This story was updated on Aug. 24.
A Blank Rome lawyer who was responsible for distributing more than $7 billion to the victims of the September 11 terrorist attacks was sternly rebuked last week in an audit that found she awarded millions of dollars in federal contracts to her own law firms.
Deborah Greenspan was a partner at Dickstein Shapiro when she was appointed deputy special master for the Sept. 11 Victim Compensation Fund in 2001 She was appointed again in 2011 when the fund was reauthorized by Congress. It was created to compensate first responders and others who suffered asthma, cancer, and other health ailments from working in the ruins of the World Trade Center in New York. The fund fielded more than 22,000 claims.
Greenspan, who is based in Washington, worked the part-time position without pay, reviewing many of the claims herself, as the fund’s second-in-command through November 2016. In February that year, Dickstein was folded into the Philadelphia-based Blank Rome.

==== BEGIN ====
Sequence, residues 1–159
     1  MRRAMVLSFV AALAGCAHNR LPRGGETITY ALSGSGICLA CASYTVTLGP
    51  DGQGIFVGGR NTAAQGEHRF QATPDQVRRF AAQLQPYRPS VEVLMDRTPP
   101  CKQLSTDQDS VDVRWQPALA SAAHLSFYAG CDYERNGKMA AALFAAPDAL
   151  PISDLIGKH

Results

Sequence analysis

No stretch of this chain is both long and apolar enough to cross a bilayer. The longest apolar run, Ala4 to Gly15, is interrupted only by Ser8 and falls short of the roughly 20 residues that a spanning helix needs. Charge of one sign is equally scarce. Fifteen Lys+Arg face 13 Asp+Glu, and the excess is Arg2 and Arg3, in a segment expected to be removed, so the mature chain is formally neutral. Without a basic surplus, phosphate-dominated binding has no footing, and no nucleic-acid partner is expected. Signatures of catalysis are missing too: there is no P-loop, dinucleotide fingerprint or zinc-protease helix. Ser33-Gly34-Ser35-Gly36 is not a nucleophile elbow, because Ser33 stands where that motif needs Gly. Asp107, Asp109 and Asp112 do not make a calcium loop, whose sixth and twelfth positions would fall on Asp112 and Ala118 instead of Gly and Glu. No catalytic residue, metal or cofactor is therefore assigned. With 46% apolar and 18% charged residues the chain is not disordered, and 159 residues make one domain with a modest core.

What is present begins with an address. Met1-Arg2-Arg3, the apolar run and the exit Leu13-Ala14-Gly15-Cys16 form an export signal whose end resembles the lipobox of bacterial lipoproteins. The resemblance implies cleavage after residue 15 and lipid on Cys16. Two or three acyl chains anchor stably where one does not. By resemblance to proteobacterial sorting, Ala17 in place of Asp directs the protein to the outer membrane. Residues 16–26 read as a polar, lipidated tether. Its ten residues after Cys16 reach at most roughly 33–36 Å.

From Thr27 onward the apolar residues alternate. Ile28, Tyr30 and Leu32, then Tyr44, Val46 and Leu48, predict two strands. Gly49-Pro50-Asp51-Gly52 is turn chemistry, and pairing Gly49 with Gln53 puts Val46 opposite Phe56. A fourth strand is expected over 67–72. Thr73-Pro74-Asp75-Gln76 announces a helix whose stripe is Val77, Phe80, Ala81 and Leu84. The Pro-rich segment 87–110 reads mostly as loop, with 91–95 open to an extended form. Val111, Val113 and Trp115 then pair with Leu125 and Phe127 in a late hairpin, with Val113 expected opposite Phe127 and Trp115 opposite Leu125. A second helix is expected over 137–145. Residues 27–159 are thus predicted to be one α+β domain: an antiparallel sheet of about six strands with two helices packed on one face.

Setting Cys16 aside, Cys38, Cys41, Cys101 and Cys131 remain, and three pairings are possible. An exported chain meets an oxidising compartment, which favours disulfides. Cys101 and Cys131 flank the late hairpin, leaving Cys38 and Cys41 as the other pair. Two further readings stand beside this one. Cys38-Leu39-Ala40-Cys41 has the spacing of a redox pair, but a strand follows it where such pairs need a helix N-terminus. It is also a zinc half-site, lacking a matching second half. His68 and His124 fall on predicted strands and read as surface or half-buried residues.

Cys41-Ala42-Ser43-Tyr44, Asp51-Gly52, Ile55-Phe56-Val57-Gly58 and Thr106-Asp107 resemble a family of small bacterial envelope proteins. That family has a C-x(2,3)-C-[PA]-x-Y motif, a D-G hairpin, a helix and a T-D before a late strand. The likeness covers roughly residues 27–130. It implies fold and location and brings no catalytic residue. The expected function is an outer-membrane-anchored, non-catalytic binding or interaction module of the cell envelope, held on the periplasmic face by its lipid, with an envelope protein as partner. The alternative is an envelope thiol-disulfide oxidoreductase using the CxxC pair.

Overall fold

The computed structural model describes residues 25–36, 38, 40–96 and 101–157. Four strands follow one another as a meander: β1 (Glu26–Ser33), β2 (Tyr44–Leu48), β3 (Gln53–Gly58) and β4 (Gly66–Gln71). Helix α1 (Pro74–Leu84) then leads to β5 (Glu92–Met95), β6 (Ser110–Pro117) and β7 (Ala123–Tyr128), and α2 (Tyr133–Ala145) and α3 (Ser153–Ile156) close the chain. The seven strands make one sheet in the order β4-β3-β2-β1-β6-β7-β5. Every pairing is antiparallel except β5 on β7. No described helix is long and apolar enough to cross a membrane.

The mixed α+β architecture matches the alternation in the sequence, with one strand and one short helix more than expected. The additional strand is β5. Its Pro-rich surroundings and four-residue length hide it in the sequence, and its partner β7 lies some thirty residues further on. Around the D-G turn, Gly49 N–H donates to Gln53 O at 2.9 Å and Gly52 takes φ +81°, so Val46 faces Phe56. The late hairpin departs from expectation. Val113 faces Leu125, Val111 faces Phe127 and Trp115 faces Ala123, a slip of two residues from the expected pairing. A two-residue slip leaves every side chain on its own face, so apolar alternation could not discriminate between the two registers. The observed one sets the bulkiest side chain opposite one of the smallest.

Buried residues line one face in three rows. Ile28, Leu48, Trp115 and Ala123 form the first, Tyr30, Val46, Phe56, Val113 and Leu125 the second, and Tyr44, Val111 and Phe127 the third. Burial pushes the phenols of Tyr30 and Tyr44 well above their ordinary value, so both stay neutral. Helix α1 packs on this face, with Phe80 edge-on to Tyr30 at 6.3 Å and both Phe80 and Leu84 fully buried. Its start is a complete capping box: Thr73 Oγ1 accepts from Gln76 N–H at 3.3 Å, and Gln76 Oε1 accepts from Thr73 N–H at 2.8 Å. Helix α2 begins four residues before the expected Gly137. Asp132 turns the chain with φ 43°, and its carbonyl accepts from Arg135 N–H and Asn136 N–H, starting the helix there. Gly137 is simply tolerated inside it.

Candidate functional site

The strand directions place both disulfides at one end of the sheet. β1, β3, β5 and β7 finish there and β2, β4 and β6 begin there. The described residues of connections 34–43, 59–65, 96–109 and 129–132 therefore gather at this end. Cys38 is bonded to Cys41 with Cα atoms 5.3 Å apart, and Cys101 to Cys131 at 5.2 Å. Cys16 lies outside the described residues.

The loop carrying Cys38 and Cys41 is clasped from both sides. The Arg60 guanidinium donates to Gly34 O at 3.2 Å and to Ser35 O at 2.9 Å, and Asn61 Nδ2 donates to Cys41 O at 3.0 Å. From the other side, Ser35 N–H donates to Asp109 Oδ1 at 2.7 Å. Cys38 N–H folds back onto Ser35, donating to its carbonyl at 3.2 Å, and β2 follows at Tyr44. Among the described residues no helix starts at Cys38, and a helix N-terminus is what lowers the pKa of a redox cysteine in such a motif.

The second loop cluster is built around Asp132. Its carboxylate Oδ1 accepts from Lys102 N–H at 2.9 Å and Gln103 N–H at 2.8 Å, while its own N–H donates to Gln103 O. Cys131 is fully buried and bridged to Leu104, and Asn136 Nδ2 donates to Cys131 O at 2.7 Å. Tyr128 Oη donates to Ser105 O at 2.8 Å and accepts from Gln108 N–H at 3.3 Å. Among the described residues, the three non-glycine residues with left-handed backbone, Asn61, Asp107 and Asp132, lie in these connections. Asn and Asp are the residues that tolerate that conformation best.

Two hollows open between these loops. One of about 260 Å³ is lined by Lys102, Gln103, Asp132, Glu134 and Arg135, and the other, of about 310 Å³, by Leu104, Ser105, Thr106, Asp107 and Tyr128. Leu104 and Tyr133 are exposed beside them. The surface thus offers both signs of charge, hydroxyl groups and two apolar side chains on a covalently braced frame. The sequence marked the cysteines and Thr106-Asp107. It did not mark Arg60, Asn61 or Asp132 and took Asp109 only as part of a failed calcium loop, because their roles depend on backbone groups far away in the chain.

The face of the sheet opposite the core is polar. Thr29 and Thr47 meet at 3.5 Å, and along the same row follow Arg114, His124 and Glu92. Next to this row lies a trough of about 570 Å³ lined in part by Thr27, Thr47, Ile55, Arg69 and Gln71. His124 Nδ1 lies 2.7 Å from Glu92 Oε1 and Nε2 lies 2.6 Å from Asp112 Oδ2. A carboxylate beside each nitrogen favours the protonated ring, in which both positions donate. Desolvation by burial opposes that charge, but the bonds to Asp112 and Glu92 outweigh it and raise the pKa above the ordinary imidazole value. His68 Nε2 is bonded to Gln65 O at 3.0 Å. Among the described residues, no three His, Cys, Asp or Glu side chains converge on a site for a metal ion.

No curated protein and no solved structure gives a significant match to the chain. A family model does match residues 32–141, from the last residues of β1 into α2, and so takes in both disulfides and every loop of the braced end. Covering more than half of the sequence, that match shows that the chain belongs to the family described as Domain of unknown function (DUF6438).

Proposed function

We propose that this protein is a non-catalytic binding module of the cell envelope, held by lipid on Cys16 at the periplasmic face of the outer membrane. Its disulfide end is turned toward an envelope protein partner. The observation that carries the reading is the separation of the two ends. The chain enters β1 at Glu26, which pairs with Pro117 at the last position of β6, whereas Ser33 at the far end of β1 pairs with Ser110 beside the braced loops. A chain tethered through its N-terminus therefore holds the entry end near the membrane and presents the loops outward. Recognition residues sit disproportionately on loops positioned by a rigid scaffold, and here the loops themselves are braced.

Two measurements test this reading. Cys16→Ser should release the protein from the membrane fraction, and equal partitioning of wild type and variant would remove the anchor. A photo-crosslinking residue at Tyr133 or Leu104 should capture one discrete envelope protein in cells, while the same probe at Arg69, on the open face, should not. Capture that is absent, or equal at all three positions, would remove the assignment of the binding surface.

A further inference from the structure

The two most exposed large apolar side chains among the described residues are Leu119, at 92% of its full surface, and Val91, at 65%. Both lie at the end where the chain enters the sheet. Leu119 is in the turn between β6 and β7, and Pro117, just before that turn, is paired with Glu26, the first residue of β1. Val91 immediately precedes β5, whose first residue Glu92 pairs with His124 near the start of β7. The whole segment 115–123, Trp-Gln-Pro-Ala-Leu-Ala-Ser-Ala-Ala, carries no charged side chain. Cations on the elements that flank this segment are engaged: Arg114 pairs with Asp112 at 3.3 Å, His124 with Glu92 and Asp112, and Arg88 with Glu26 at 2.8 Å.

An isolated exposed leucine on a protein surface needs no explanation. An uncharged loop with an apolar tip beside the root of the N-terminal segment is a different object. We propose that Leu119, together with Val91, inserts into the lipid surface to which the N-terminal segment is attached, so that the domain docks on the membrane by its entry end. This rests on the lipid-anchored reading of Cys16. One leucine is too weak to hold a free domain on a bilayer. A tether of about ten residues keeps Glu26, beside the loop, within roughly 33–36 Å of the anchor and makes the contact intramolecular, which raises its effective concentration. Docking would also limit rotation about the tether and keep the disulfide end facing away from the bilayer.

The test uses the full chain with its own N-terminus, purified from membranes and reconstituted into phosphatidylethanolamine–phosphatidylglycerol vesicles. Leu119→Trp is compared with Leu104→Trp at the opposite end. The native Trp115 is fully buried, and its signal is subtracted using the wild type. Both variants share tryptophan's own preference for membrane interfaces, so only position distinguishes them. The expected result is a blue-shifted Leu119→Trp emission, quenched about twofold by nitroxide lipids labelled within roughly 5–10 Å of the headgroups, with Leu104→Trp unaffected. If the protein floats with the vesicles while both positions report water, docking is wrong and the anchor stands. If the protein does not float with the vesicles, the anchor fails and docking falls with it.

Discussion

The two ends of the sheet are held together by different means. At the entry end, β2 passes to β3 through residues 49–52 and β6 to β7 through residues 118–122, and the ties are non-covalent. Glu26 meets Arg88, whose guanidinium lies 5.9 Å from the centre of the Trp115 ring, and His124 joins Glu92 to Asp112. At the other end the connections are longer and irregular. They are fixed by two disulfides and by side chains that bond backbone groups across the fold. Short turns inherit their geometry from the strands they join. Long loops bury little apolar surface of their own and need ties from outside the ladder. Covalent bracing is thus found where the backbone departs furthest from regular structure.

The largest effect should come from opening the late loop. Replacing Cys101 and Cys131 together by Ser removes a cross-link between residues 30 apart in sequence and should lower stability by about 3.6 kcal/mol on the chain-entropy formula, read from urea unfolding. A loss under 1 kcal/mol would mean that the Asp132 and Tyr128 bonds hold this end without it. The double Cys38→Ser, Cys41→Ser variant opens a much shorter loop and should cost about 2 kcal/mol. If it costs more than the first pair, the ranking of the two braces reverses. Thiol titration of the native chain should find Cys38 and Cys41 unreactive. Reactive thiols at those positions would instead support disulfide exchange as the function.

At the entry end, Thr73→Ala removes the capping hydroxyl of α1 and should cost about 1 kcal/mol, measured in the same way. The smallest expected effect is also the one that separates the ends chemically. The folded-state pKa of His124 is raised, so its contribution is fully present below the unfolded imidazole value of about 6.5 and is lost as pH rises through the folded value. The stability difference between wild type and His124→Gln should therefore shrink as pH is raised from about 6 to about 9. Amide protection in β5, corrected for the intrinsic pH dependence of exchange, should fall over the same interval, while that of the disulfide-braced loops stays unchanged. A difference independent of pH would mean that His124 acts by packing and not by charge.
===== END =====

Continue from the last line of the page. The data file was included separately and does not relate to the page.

According to a report issued Aug. 17 by the Department of Justice Office of the Inspector General, Greenspan approved 18 contracts, valued at more than $3.6 million, to Dickstein and Blank Rome “without sufficiently documenting the justification and rationale for non-competitively awarding them.”
Greenspan, according to the report, told investigators that the DOJ had not provided enough lawyers to develop policy and guidelines for the program and to handle the crushing caseload.
The audit states Greenspan should have recognized the apparent conflict of interest and “proactively excluded herself from negotiating these contracts because of the resulting financial benefit to her law firms where she remained a partner.”
Greenspan told investigators that her firms “did not make a profit” on the contracts. In a statement, a Blank Rome spokeswoman said the hourly rate for attorneys who worked on Fund matters was dictated by the DOJ and was about 20 percent of Blank Rome’s standard hourly rates.
But, the OIG report noted, the $3.6 million in revenue netted by the firms was “not insubstantial.”